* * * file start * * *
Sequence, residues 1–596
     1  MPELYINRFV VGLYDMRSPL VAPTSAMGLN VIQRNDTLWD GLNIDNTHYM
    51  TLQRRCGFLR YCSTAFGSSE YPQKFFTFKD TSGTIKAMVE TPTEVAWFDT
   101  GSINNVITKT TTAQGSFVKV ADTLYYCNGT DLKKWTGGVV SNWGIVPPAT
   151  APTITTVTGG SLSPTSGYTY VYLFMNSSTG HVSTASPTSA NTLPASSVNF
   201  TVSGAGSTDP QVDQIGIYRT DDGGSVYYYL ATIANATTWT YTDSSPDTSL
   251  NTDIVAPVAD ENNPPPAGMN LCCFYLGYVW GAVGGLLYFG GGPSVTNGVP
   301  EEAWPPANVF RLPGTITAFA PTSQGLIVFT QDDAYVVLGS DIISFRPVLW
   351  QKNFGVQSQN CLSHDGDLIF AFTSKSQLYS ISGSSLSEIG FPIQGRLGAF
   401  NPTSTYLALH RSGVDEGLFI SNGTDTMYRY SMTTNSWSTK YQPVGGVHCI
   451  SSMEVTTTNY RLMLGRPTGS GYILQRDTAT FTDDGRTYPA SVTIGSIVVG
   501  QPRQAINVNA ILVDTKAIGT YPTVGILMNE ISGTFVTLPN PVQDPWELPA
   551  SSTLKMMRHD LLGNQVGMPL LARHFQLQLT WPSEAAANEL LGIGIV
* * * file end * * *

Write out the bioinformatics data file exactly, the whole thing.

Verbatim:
Sequence, residues 1–596
     1  MPELYINRFV VGLYDMRSPL VAPTSAMGLN VIQRNDTLWD GLNIDNTHYM
    51  TLQRRCGFLR YCSTAFGSSE YPQKFFTFKD TSGTIKAMVE TPTEVAWFDT
   101  GSINNVITKT TTAQGSFVKV ADTLYYCNGT DLKKWTGGVV SNWGIVPPAT
   151  APTITTVTGG SLSPTSGYTY VYLFMNSSTG HVSTASPTSA NTLPASSVNF
   201  TVSGAGSTDP QVDQIGIYRT DDGGSVYYYL ATIANATTWT YTDSSPDTSL
   251  NTDIVAPVAD ENNPPPAGMN LCCFYLGYVW GAVGGLLYFG GGPSVTNGVP
   301  EEAWPPANVF RLPGTITAFA PTSQGLIVFT QDDAYVVLGS DIISFRPVLW
   351  QKNFGVQSQN CLSHDGDLIF AFTSKSQLYS ISGSSLSEIG FPIQGRLGAF
   401  NPTSTYLALH RSGVDEGLFI SNGTDTMYRY SMTTNSWSTK YQPVGGVHCI
   451  SSMEVTTTNY RLMLGRPTGS GYILQRDTAT FTDDGRTYPA SVTIGSIVVG
   501  QPRQAINVNA ILVDTKAIGT YPTVGILMNE ISGTFVTLPN PVQDPWELPA
   551  SSTLKMMRHD LLGNQVGMPL LARHFQLQLT WPSEAAANEL LGIGIV